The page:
MINNEAPOLIS (WCCO) — Michael J. Fox has a foundation that fights Parkinson’s disease. Lance Armstrong fights cancer. Celebrities and charities have been working together for more than eighty years in the United States. But do celebrities cause us to donate more to charity?
“Without a doubt, without a doubt,” said Jean Gorell, President of the Minnesota chapter of the Association of Professional Fundraisers.
A celebrity endorsement “provides increased awareness and credibility,” said Gorell, as people think, “so and so is attaching his name to the event, so it’s a good cause.”
Michael J. Fox started the Michael J. Fox Foundation for Parkinson’s Research with a relatively small amount of money in 2000. But over the past a decade, his foundation has funded more than $200 million dollars in Parkinson’s research.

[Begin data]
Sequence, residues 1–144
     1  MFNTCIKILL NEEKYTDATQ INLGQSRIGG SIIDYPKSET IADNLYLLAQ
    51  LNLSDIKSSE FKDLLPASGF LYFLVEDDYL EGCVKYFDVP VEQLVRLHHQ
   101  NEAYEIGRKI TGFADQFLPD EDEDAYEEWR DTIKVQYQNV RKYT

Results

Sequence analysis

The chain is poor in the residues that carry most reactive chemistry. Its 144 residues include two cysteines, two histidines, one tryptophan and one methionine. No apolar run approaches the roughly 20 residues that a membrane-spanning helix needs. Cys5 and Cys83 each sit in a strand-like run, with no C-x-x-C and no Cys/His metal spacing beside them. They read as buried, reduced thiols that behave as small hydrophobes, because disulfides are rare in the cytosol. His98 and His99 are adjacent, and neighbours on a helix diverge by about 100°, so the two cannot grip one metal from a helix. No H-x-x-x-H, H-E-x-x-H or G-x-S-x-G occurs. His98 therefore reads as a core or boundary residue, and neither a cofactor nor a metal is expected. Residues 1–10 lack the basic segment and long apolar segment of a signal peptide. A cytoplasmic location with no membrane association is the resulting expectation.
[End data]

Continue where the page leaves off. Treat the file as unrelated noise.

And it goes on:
Lance Armstrong’s “LIVESTRONG” bracelets raised more than $70 million dollars at $1 each. His foundation has generated $325 million since its founding, after being diagnosed with testicular cancer.
“He elevated the awareness of it, because he is who he is. People rally around him,” said Gorell.
But the biggest money-maker isn’t in the money you or I spend. It’s the money that comes from corporate and especially federal grants.
Christopher Reeve brought his spinal cord injury story straight to Congress, and it worked. Before Reeve: the American Paralysis Association had zero money from federal grants. Since Reeve’s testimony, the Christopher Reeve Paralysis Foundation has earned $55 million in government grants.
According to Gorell, celebs can help in the one-time hit, the United Way commercial or the fund-raising gala. But nothing compares to the personal story of someone we’ve watched for years.
“They put the face to the issue. All the sudden it makes it real,” said Gorell.